You left behind your teenage years thinking you’d never have to feel the uncomfortable angst of awkwardness again. Until you walked into a Core26 class. And now you’re willingly entering three stages of Awkward at least a few times a week.

It’s our September Posture of the Month and a beloved stop on the Core26 standing series express. The Sanskrit is Utkatasana, where ‘Utkat’ literally translates to “powerful or fierce.” Will you enter into and hold this posture differently now that you know that?

Because it is a very fierce and powerful pose. Meant to warm up the legs and align the lower body for the deep stretches to come, it requires precise alignment and considerable strength in its deepest expression.

Those new to this pose or practice will feel awkward, it’s true. With time, that feeling will fade and the once uncomfortable pose becomes familiar. Remember that drinking out of a cup was once awkward for you, too. So was walking, driving a car, reading an e-book. We can take the time in Awkward Pose to really feel how changing up our routine or expectations of how things ‘should feel’ can be challenging. In yoga and in our lives, we have the power to choose progress and do so with mindfulness around the new experience.

If you’re a longtime Core26 fan and very comfortable in this pose, you might use this month to scrub your old Awkward ways and look at this posture with fresh eyes. Pay attention to the cues during your classes and make adjustments instead of going by rote. We’ve all let our body just do its thing and relied on muscle memory in a class. Some of these habits are the result of particular attention and remain crucial to maintaining proper form. But others, the result of taking the easy route, may be bad habits that snuck in over time.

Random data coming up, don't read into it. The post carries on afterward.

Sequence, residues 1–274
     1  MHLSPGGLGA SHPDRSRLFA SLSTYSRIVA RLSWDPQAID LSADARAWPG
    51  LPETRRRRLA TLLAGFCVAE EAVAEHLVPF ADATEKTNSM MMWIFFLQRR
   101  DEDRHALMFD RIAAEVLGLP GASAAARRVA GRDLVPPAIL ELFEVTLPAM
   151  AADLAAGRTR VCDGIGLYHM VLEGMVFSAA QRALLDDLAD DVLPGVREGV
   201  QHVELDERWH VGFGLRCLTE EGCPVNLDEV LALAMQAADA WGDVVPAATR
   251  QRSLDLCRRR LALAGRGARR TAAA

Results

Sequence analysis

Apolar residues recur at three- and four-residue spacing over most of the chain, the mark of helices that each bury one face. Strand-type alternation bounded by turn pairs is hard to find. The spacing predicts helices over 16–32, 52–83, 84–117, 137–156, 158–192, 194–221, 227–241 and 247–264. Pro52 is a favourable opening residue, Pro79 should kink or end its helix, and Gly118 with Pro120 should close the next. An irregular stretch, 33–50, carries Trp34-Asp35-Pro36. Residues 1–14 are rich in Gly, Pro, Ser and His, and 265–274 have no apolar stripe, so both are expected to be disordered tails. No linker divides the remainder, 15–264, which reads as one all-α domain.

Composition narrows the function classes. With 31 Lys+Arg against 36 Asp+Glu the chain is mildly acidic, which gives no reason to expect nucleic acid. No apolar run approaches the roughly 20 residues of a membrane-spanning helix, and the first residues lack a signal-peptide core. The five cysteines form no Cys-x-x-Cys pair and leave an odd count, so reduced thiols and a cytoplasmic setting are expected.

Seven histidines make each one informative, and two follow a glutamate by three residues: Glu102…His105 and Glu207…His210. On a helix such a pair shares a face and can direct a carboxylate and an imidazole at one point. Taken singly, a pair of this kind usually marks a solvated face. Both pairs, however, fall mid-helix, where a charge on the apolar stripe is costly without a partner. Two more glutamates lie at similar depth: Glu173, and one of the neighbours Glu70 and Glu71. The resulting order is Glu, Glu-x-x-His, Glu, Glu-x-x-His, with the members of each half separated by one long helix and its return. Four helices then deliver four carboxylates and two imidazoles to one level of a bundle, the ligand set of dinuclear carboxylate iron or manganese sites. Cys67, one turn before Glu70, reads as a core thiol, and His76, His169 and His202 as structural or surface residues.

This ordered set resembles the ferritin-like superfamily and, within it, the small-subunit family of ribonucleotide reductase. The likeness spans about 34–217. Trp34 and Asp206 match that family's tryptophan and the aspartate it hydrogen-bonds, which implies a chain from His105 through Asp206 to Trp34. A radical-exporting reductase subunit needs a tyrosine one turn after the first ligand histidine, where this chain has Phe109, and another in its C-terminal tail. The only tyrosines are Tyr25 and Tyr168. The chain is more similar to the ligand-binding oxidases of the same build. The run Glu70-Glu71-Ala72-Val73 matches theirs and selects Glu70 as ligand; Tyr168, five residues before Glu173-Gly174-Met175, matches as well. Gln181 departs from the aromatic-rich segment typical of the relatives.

At the very least, by listening with a beginner’s mind while in Awkward pose this month, you’ll open yourself up to the opportunity for useful information to enter into your expression of these poses.

Important cues for each phase of Awkward:


It’s paramount to keep the feet parallel and at hip width. This allows for practitioners to receive the full benefits of the pose in their feet and ankles, like fresh blood flow to those joints in addition to increased blood circulation.

Keep the arms strong and steady, this opposition is what will allow your hips to drop lower. Try to imagine energy reaching out of your fingers straight to the front of the room and then drop your hips an inch.

Keep tension in the arms and core and release it everywhere else.

See? Easy.


Press into the big toe and balls of your feet, pushing into the ground to maintain your balance.

Continue to hold a straight spine and keep tension in the arms, dropping back into your seat and finding your eyes in the mirror.

Think ‘heels up, heels forward.’



Keep heels lifted just slightly off the ground, only enough to draw your knees to touch.

Float down until your hips are just above the heels and keep your knees together and pointed down. If you dropped a ball on your lap, it should roll forward to the floor.

Rise up just as slowly as you sank down. These last ten seconds can be the most difficult part of the entire series. You can do it, though, because you’re fierce and powerful

Categories: PoM

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